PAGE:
You see, that wouldn’t need a hand-crafted storyline, just a far richer mission generator that can link missions together to give them a sense of narrative greater than that of your average Yodel driver. As it is the game is just like my 9 year old son with his homework – doing the bare minimum to get by whilst promising me that the absolute best is being done *and* that that more effort is coming at some point in the future. I have to put up with that from him, I don’t from my game.

Holy Karka, Batman! I liked the Lost Shores and I don’t care who knows it!

Yes, yes, yes The Lost Shores has come and gone and is old news but after seeing Dontain’s latest video today I decided I’d have my say too.

I liked it. There, I’ve said it. Sue me.

Sure the first event was laggy (maybe being spread out throughout Lion’s Arch rather than just around one area would have helped) but after coming from years in Second Life the kind of laggy I experienced in that event was nothing compared to the klusterfokken of lag Linden Lab inflicted upon us again and again and abloodygain. There was a lot of whiny QQing about Arenanet being a bunch of under-skilled simpletons with carnal knowledge of their mothers and that annoyed me greatly. Sure some folks couldn’t play it for various reasons, but this was the first time an event of that size has been tried in that way and it was always going to be somewhat of a test – now if in twelve months the events are still a mess of low FPS and skills that stop working you can call the devs fit to burn all you like but for now stop with the mewling and just enjoy the experience of newness I say!

After that the treasure hunt was a damp squib for me, mainly because I didn’t know it was going on so I missed it all. Had I have known I would loved to have have done it but I hear the events were largely bugged so it couldn’t be finished and that would have ticked me off. Actually this does worry me about not only these large showcase events, but the whole system of dynamic events the game is built on, after all they do seem to crap out a hell of a lot and that is really not good.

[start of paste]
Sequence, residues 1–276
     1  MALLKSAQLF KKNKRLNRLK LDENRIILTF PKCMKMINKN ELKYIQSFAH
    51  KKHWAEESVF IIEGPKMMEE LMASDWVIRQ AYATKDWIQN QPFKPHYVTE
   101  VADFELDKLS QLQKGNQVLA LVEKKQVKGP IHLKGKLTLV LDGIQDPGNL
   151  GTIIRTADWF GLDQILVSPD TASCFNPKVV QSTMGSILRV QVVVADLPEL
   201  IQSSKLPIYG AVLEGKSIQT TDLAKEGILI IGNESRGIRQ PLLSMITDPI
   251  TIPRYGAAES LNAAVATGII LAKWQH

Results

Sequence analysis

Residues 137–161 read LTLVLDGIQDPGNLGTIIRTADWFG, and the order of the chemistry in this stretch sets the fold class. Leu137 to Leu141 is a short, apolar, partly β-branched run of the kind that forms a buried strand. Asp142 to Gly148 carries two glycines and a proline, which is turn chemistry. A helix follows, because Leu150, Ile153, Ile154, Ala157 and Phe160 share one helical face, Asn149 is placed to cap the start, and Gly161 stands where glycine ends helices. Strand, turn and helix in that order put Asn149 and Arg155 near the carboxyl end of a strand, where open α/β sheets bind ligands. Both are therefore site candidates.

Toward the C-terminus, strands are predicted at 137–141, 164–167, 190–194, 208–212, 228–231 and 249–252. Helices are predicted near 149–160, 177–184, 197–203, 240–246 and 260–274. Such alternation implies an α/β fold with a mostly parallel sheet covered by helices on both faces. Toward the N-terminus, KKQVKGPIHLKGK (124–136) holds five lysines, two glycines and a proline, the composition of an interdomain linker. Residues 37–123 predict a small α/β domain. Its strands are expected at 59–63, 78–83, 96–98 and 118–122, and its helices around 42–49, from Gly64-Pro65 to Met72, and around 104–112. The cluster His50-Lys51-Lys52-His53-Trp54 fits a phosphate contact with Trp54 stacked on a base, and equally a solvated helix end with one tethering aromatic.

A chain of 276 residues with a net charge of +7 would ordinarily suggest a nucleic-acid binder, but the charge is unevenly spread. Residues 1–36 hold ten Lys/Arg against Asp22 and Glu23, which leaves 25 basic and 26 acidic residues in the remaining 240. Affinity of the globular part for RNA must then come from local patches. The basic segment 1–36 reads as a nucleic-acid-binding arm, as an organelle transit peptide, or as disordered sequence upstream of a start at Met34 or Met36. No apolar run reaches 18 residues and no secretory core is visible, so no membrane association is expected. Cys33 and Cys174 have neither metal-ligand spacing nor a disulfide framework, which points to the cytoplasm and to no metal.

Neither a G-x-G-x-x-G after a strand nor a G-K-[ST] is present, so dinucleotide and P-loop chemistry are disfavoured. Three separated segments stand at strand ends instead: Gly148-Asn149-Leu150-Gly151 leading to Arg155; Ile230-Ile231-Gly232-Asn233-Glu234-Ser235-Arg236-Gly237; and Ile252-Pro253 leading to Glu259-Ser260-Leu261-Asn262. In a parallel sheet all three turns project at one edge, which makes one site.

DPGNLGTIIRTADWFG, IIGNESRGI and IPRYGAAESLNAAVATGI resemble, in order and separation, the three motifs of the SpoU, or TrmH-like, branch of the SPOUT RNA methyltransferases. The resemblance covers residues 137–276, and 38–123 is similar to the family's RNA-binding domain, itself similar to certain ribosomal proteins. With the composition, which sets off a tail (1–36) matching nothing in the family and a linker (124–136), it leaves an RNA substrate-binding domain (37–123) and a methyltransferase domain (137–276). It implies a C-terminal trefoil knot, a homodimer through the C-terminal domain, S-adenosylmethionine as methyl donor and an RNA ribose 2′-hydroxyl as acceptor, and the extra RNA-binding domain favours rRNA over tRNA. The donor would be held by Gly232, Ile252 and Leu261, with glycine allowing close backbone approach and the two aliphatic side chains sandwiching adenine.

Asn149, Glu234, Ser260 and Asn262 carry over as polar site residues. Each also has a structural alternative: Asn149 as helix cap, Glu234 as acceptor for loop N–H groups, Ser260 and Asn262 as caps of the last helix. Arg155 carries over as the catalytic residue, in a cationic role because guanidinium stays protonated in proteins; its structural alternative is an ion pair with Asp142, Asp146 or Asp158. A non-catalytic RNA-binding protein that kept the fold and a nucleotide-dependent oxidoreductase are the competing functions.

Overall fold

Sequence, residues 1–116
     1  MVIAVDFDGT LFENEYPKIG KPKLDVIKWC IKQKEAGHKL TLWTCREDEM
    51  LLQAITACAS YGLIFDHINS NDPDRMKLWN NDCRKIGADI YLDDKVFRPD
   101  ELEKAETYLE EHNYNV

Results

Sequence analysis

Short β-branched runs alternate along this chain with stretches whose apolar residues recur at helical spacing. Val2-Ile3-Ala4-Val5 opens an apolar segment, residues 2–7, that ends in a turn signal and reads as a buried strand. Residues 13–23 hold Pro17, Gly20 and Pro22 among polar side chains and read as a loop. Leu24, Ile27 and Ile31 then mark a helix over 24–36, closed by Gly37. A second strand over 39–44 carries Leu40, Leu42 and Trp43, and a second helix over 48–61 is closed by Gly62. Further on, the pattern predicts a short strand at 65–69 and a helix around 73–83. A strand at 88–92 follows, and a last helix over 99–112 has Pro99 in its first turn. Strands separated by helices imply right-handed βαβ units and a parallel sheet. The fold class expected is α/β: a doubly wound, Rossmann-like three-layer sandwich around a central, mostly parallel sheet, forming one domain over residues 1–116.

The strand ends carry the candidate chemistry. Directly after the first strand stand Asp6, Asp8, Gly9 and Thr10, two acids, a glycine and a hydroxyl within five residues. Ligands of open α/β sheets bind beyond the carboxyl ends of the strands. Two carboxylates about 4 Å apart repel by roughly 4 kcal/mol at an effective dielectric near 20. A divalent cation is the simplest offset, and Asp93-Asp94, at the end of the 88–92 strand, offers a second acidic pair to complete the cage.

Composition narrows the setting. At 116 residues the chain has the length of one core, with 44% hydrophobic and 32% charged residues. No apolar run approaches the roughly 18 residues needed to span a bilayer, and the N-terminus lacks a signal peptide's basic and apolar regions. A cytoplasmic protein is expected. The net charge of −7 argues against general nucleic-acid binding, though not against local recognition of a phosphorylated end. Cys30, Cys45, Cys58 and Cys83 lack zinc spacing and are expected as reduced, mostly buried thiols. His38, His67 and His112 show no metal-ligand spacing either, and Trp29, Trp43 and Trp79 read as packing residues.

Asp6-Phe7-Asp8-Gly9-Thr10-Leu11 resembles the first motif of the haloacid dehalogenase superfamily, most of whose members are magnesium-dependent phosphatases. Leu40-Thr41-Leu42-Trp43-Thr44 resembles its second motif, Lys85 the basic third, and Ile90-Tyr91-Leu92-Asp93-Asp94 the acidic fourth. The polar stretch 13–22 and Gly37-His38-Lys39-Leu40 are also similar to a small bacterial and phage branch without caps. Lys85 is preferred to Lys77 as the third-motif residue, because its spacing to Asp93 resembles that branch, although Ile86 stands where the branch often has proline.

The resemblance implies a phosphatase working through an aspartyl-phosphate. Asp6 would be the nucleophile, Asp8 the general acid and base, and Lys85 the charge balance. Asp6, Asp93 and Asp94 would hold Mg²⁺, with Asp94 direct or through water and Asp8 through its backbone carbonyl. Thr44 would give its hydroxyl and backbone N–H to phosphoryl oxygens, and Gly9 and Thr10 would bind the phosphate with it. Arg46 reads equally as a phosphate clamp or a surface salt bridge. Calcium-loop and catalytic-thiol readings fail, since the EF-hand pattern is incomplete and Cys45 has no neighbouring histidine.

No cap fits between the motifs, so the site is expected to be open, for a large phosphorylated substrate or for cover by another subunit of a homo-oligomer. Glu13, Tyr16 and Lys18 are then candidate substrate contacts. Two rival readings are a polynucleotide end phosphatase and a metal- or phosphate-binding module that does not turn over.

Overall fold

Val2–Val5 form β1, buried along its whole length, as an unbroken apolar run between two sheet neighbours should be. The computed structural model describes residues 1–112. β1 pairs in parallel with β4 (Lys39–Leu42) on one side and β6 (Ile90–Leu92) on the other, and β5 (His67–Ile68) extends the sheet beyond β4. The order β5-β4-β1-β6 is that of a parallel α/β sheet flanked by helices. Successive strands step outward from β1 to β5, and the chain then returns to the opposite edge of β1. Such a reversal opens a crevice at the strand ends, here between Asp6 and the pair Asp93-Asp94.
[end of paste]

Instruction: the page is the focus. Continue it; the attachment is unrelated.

Anyhoo, the next day saw the building of the trebuchet, the defending of Lion’s Arch again and the sailing off to the new island to secure the shores and camps there. I missed the first part but the sailing off and forging a path through the new land-mass was great fun! My one gripe – and this I share with Dontain – is the sheer fucking hardness of the Karka! Even normal ‘young karka’ are pretty hard to tackle on their own, never mind the Veteran young and upwards! Oy Vey! It’s hard to pick one thing that makes them so tough as it really is a combination – they shoot shit out of their tail near the start of the attack that is hard to dodge completely due to the length of time they continue to shoot it and whatever it is hurts and it hurts a lot. Add to that their ability to mitigate a lot of attacks and the need to burn down their health bar twice (once for their shell, once for their yummy tasty flesh) and pretty soon you are on a fairly tough battle for little reward (they almost never drop anything!). Still I really enjoyed this phase and there was noticably less QQing (that or I stopped noticing it).